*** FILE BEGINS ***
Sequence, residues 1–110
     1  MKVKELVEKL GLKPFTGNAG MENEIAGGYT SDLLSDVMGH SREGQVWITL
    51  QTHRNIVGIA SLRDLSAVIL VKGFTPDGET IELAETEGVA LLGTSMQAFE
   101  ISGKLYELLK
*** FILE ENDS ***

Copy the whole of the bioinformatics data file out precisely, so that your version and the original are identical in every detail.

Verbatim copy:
Sequence, residues 1–110
     1  MKVKELVEKL GLKPFTGNAG MENEIAGGYT SDLLSDVMGH SREGQVWITL
    51  QTHRNIVGIA SLRDLSAVIL VKGFTPDGET IELAETEGVA LLGTSMQAFE
   101  ISGKLYELLK